In the histories of the Second World War, much has been made of the vaunted British and US Airborne forces, the latter being the protagonists of the legendary series Band of Brothers, a source of inspiration for Bolt Action players the world over. Far less, however, is said about their German counterparts, the Fallschirmjäger (literally ‘parachute light infantry/hunters) of the Luftwaffe. TV aficionados may recall these camouflage-smocked soldiers as among the defenders of Carentan in the aforementioned HBO show, fighting hard against the onrushing Allied assault. Let’s take a look at these hard-bitten men, and see how they can be used to great effect in games of Bolt Action!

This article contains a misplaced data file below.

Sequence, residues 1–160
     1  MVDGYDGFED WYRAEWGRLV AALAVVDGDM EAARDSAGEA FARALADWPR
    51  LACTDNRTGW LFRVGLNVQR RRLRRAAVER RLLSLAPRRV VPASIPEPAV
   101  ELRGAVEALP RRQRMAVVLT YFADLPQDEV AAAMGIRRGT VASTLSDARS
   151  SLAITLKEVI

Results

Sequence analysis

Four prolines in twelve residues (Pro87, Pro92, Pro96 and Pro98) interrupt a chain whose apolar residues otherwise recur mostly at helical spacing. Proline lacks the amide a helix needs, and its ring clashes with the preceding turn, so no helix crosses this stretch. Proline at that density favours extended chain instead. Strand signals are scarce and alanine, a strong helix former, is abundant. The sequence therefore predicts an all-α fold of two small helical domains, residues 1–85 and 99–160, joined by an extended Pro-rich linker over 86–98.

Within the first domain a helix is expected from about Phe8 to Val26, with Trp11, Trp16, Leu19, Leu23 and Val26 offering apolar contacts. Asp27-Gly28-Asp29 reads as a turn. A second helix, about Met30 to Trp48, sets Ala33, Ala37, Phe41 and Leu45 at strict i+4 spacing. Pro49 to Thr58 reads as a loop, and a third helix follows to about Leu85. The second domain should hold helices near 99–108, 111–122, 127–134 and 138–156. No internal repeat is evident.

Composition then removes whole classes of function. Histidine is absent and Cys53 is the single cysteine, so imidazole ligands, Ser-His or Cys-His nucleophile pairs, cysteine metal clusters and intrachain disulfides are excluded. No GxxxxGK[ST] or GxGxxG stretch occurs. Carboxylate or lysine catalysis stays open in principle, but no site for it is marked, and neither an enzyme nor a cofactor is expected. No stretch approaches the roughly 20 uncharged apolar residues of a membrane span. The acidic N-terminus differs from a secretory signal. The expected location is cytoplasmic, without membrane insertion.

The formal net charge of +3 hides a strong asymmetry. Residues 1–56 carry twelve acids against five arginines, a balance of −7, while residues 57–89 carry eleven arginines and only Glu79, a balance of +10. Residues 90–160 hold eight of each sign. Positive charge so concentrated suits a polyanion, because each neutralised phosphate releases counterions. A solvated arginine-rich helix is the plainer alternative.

Impressed by the (admittedly rather crude) Soviet demonstrations of parachute infantry in the interwar period, commander of the Luftwaffe (German air force) Herman Göring ordered the formation of a paratroop unit in 1935, from a Prussian quasi-police unit he had set up several years previously. Interestingly, the Fallschirmjäger remained under the control of the Luftwaffe rather than the Heer (army), and were all air force personnel, something of a contrast to airborne troops in most other militaries. By 1938 a division was ready, and saw heavy use in the early stages of the war in its intended role, most famously at the capture of Fort Eben-Emael in Belgium, a significant fortification complex that would have required a long and costly operation to reduce using conventional methods. Employing the novel method of… simply landing right on top of the defenders, the fortress fell in a day. The Fallschirmjäger would go on to serve through the Low Countries, the Fall of France, and in North Africa.